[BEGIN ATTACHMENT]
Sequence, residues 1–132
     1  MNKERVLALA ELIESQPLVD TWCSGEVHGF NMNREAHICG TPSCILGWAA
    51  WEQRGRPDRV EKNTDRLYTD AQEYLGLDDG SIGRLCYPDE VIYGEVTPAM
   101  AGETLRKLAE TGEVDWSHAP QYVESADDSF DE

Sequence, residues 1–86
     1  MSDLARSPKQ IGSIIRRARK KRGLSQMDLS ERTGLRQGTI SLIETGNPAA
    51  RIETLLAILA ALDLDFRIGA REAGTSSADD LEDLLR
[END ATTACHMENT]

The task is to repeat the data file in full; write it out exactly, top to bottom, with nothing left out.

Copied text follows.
Sequence, residues 1–132
     1  MNKERVLALA ELIESQPLVD TWCSGEVHGF NMNREAHICG TPSCILGWAA
    51  WEQRGRPDRV EKNTDRLYTD AQEYLGLDDG SIGRLCYPDE VIYGEVTPAM
   101  AGETLRKLAE TGEVDWSHAP QYVESADDSF DE

Sequence, residues 1–86
     1  MSDLARSPKQ IGSIIRRARK KRGLSQMDLS ERTGLRQGTI SLIETGNPAA
    51  RIETLLAILA ALDLDFRIGA REAGTSSADD LEDLLR